Explore how Channel 4 juggles the demands of delivering public service content and balancing commercial needs in this report of Jonathan Allan’s keynote at AMA conference 2013.
Channel 4 has a unique business model that was set up 30 years ago. The key facets to our model are that while we are publicly owned we are completely commercially funded.
We don't take any license fee money or tax payers' money. Despite being commercially hungry we are also not for profit. So every penny we earn goes back into content and innovation. We also have a very clear mandate from parliament to deliver a public service and educational programming, demonstrate innovation and take creative risks and appeal to a culturally diverse society and also exhibit distinctive character. Additionally, back in 1982, one of the primary reasons Channel 4 was set up was to invest in a burgeoning independent production fraternity who were struggling to break through the job-listed environment of the BBC and ITV where they held all the cards. We make no programmes ourselves and we try to work with a diverse range of external independent companies - we worked with over 450 in the UK in 2012. We also have very strict regional production quotas to ensure that our commissioning isn't focused on London and that we get a diverse range of regional output.
We believe that it's our unique model and status that allows Channel 4 to keep on playing the distinctive commercial, social and economic role that it does so today. And we know that preserving the essential strength of Channel 4 is one of the greatest responsibilities that I, and the board of Channel 4, have been given. As a not-for-profit public service broadcaster our main priority is to deliver content that fulfils our remit to be distinctive, innovative, diverse and experimental. We do that purely by living on our commercial wits and our commercial activity has a very clear purpose - it's not there to pay shareholders, it's there to fulfil our public service ends.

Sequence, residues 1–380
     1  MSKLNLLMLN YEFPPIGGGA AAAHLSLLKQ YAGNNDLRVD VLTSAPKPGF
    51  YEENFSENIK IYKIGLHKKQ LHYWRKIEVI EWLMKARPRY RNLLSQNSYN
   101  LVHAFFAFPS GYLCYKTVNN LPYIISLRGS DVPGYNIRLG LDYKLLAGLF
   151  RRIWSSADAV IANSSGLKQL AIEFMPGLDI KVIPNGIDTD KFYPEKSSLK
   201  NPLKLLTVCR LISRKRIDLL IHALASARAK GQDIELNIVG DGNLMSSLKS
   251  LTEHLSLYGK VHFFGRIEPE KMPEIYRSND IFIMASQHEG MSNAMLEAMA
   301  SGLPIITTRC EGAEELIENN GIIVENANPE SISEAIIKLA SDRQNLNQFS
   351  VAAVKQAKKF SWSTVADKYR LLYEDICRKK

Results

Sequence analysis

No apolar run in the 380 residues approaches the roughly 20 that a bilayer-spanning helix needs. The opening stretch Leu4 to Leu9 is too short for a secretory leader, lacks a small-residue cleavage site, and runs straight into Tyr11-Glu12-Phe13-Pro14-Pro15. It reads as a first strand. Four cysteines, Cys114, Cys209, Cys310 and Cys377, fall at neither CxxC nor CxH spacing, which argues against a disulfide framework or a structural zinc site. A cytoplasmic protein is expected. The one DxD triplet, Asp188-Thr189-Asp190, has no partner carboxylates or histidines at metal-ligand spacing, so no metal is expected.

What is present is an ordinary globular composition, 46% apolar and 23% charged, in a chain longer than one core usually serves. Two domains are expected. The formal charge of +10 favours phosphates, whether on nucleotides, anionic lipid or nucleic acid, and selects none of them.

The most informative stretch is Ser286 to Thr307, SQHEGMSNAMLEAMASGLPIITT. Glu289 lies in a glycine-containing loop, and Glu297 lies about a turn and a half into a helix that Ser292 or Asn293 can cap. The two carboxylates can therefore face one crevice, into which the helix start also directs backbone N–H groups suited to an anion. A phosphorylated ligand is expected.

There's a beautiful purity to our model but it's not one where purity makes our job easy as we're constantly juggling the demands of delivering public service content and balancing commercial needs - balancing the profitable and the unprofitable and also content within the schedules to make sure that we're maximising the public-service delivery but also operating on a sufficient scale to deliver public impact and commercial return. There's been quite a few instances which I'm sure you've experienced in your businesses where we've needed to 'square this circle'.
So, public impact drives our business and we measure that by our share of all individuals' viewing. That really is the key measure that the government OffCom look at to make sure that Channel 4 is delivering the reach that it requires. From my perspective as Sales Director, I'm more interested in our figures for young people (16 - 30 years old) and upmarket people. Young people are worth roughly four times the value to advertisers as all individuals in terms of costs per thousand. So, in terms of yield, we're more interested in the sub demographics.